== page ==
On Thursday the Securities and Exchange Commission announced that movie star Steven Seagal would be required to pay more than $300,000 in fines.
The news comes despite the fact that Seagal definitely doesn't know what he did wrong. The SEC—which Seagal has never heard of—claims that he failed to disclose the fact that he was promised $250,000 for his work promoting an initial coin offering (ICO) by cryptocurrency Bitcoiin2Gen. The promotion included a press release proclaiming "Zen Master Steven Seagal Has Become the Brand Ambassador of Bitcoiin2Gen."
Seagal—who legitimately believes himself to have achieved the rank of Zen Master on the grounds that he once had rocked a goatee and a ponytail at the same time—was also offered $750,000 worth of the cryptocurrency, which he definitely believed would go up in value (despite the fact that the company had to misspell "coiin" for legal reasons). What Seagal actually received was $157,000 in cash. To calculate his fine, the SEC doubled that amount and added $16,000 in interest, arriving at a figure that Seagal is still trying to work out with a sudoku puzzle he's mistaken for a calculator. Seagal agreed to the fine and was not required to admit to the SEC's findings, which is fortunate because he almost certainly zoned out as soon as the paperwork made an appearance—preferring to imagine himself karate-chopping a room full of bad guys one-at-a-time.
According to a statement from the SEC Enforcement Division's Cyber Unit, "Celebrities are not allowed to use their social media influence to tout securities without appropriately disclosing their compensation." "Celebrities" is apparently a category that includes aging, overweight men who believe themselves to be martial arts experts and travel to Eastern Bloc nations to make movies with titles like (but legally distinct from) A Day Left to Die and Kill or Be Deadly.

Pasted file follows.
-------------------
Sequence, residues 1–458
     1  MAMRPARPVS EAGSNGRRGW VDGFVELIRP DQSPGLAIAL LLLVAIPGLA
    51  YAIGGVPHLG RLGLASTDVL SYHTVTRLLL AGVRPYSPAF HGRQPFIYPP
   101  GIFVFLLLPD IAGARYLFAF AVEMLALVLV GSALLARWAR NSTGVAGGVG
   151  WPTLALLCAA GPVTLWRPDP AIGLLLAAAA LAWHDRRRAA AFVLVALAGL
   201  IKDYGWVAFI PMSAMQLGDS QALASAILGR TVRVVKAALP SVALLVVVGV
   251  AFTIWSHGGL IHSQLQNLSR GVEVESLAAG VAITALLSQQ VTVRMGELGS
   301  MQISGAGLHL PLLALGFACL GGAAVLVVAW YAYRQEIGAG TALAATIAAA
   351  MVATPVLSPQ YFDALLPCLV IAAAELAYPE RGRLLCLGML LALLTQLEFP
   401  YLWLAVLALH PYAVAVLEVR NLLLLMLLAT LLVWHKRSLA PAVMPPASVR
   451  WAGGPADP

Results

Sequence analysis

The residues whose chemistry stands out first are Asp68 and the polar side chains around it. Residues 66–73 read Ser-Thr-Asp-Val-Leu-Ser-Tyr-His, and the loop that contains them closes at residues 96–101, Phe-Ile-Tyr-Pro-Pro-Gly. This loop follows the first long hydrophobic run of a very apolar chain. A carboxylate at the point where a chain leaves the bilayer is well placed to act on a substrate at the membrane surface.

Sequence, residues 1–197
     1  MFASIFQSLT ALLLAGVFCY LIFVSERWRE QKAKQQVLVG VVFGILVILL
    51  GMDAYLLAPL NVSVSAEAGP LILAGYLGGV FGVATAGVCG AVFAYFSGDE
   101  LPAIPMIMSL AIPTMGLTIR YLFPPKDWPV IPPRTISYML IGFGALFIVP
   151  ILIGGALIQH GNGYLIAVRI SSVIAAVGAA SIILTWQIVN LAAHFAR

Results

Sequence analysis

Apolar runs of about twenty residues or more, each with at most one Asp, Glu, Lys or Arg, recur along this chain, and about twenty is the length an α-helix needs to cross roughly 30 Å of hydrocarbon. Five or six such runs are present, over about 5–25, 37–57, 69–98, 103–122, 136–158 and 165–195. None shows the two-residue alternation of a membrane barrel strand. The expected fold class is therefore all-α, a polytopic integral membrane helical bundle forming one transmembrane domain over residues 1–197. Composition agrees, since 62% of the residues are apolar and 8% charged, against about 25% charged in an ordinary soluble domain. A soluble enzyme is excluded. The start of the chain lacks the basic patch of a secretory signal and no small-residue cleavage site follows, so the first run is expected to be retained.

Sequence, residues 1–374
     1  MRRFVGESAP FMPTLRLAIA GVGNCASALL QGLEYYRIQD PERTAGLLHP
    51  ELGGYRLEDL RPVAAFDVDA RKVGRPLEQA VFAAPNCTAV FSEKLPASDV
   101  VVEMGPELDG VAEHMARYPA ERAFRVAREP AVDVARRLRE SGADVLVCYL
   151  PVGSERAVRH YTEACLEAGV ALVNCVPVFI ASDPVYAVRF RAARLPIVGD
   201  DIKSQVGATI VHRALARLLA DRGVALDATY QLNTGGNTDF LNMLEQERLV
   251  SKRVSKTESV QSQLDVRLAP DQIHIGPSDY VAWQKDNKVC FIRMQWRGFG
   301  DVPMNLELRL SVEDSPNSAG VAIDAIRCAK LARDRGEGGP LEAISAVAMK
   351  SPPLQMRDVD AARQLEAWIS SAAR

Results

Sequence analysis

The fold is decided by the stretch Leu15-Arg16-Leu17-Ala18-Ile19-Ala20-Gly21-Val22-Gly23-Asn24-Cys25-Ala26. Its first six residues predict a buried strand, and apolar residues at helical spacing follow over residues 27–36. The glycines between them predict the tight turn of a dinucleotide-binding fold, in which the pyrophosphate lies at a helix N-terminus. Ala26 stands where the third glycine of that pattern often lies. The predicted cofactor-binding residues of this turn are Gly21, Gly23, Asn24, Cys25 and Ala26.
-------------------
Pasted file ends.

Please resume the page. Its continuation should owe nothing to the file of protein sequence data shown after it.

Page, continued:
Seagal is a man of such resounding spiritual depth thatwhen a young actress decided to drop out of Flight of Fury because the role required nudity, he reportedly said, "You won't even show your t*ts?" He's a man whose lurid fake tan can only be matched by fake mastery of Aikido. A man whose Blues and Reggae album, Songs from the Crystal Cave, features "Buddhist" teachings and tracks like "Me Want the Punani." A man who has dedicated his mind so purely to cultural appropriation, misogyny, and pretending to be tough that he once bragged to an SNL cast member that he had "just read the greatest movie script ever" and was referring to his own writing. Later, he would pitch a sketch about a therapist sexually pursuing a rape-survivor patient. The fact that he not only thought the idea was funny, but that other people would be cool with it too, is just a testament to how much of his brain has been taken over by fake punching.
Does he actually believe—as he has falsely claimed—that he used to be a navy seal and also a CIA operative? Probably. Did he use his friendship with Sheriff Joe "concentration camp" Arpaio to drive a tank into a house, killing a puppy? Of course. Did he include in his novel The Way of the Shadow Wolves, the following sentence: "John turned around with the swiftness of a tiger and the intensity of a charging bear and went right into the face of the man who was rocked by the words flying out of the Shadow Wolf's mouth?" Without a doubt.
You may think it's cruel to pin financial crimes on a man whose brain-mush could produce that sentence, but the SEC is not legally allowed to go after him for his many sexual crimes, so this fine will have to do for now.